While there haven’t been any Covid-19 vaccine approvals or EUAs thus far, there have been a few for treatments. The FDA recently granted approval for Gilead’s remdesivir, marketed as Veklury, in hospitalized patients older than 12. That followed an EUA for the therapy, as well as EUAs for hydroxychloroquine and convalescent plasma. Regulators have since revoked the former’s authorization.
Novavax received a $1.6 billion Warp Speed contract in July and began its UK Phase III study in late September. The biotech is testing a two-shot regimen of its lower, 5 µg dose of protein antigen currently in Phase II, plus a 50 µg Matrix‑M adjuvant. The shots are being administered 21 days apart.
Pfizer currently leads Endpoints News’ Covid-19 vaccine race tracker, with Novavax coming in 8th. — Max Gelman
CBER director promises ‘safe and effective’ vaccine in op-ed
In an effort to shore up trust in the FDA’s ability to authorize a safe and effective vaccine, CBER director Peter Marks broke down the EUA process in a USA Today op-ed.
“We hope to ensure public confidence in COVID-19 vaccines by being transparent about FDA’s decision-making process,” he wrote. “Whether a vaccine is made available through an EUA or through a traditional approval, FDA will ensure that it is safe and effective.”
In the roughly 1,000-word piece, Marks promised that an EUA decision will not be rushed. And he explained that the FDA’s minimum recommendation of 50% efficacy is just that — a minimum.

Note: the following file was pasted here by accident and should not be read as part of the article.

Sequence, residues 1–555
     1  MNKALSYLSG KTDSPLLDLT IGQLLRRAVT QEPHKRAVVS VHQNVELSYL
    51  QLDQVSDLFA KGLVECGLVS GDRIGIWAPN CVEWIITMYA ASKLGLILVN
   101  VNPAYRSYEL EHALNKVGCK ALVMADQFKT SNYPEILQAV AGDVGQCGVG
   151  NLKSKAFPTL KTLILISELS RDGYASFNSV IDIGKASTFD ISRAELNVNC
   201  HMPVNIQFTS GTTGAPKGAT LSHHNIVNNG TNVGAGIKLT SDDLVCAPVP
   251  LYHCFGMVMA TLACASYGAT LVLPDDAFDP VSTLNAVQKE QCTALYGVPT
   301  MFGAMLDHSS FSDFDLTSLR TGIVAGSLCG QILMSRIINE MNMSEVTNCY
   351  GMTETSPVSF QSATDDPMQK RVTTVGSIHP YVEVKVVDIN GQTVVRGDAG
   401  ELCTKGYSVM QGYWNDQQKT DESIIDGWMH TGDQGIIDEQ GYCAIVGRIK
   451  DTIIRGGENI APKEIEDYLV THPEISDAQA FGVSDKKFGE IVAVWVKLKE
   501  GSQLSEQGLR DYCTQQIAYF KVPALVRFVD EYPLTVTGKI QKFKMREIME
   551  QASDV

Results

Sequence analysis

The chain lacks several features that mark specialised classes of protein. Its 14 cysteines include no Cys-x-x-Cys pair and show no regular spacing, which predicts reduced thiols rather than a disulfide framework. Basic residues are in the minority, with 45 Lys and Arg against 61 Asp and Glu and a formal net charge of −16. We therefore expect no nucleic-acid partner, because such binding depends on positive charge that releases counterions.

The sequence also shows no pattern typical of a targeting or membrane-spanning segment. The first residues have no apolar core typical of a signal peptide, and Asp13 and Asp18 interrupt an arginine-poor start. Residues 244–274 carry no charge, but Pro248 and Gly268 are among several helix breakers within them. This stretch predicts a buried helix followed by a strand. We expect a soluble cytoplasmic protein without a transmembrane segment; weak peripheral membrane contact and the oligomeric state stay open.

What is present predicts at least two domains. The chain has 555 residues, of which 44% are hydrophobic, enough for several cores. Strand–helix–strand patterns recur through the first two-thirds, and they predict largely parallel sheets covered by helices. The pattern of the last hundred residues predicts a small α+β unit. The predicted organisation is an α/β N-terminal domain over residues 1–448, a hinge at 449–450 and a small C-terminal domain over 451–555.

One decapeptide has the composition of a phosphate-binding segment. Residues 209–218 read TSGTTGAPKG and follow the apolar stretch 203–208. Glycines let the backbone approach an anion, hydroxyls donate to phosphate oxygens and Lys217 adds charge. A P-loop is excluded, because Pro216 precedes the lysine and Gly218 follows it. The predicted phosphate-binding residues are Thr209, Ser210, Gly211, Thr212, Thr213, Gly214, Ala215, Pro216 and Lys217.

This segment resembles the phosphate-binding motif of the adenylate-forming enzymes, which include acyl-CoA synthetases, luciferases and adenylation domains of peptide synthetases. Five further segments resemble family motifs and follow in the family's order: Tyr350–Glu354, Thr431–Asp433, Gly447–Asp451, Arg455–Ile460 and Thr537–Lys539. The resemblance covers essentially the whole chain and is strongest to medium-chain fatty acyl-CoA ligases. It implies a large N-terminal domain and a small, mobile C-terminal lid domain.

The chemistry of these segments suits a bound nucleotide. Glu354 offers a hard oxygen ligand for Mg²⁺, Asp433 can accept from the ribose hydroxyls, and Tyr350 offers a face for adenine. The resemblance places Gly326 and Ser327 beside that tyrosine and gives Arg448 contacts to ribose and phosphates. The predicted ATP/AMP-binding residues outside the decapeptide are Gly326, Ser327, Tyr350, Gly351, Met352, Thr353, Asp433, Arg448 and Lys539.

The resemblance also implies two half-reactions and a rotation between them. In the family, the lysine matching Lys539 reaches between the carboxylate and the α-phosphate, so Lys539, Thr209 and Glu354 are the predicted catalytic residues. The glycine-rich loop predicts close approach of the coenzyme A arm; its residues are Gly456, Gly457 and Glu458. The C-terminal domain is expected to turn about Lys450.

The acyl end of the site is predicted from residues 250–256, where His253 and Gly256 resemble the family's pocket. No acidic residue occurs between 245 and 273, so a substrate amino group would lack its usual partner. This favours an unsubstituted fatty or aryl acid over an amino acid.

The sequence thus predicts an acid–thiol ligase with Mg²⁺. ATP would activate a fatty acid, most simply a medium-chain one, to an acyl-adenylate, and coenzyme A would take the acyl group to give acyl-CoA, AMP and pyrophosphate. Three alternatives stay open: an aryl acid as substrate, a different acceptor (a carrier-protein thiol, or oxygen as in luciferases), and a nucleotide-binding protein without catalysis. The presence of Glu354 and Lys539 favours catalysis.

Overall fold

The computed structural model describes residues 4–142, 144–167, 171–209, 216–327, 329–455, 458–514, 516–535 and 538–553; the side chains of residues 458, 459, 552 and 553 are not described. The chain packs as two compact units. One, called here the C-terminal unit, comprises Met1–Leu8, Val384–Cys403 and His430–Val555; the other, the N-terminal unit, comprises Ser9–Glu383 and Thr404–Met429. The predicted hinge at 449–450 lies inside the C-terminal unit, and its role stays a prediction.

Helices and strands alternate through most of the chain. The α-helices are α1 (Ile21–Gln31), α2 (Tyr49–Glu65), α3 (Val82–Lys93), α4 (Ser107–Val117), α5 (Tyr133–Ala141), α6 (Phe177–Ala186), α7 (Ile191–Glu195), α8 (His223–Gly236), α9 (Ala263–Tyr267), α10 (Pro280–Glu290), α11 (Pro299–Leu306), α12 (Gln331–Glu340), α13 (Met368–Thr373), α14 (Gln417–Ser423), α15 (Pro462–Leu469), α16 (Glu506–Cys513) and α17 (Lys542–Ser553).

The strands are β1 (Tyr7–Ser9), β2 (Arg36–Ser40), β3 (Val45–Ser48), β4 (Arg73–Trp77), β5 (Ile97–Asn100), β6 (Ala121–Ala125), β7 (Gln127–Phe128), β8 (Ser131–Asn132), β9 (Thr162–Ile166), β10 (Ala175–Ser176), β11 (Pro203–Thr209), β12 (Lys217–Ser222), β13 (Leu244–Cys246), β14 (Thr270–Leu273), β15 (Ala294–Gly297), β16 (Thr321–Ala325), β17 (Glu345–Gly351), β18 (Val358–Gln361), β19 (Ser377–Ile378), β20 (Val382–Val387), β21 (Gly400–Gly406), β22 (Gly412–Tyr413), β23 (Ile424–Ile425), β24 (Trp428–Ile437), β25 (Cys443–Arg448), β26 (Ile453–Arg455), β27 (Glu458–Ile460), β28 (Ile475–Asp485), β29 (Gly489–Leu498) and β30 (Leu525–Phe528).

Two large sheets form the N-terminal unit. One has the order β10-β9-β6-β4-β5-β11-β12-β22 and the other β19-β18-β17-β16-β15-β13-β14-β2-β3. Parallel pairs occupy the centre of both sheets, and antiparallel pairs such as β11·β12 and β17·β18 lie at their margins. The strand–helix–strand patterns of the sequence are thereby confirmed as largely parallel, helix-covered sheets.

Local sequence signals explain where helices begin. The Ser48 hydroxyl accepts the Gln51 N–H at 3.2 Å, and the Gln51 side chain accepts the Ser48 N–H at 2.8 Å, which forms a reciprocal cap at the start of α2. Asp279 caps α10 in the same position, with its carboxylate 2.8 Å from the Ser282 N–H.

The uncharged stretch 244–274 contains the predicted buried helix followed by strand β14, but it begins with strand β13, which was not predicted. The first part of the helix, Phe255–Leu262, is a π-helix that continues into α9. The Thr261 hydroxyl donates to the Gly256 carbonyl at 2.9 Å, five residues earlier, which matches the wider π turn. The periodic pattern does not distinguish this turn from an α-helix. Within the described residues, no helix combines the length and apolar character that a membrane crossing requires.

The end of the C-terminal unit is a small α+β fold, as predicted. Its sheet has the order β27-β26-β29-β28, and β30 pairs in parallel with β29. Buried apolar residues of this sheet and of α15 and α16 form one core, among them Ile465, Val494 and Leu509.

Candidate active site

“Of course, it is hoped that the vaccines will prevent a much higher percentage of cases, but the 50% figure establishes the minimum efficacy of a COVID-19 vaccine that FDA could find acceptable,” he said.
The director also mentioned that considerations for an EUA may be different, depending on how a product will be used. For example, if a drug is intended for hospitalized patients who have no other treatment, “the potential benefits may outweigh the risks even if there is uncertainty about effectiveness and there are real, but acceptable, safety concerns,” Marks wrote.
In June, the FDA yanked an EUA for hydroxychloroquine as a Covid-19 treatment, after determining the drug is “unlikely to be effective.” And in September, a panel of experts convened by the NIH concluded that there is a lack of data supporting the safety and efficacy of another coronavirus treatment granted an EUA: convalescent plasma.
In the op-ed, Marks said that wouldn’t be the case for a vaccine: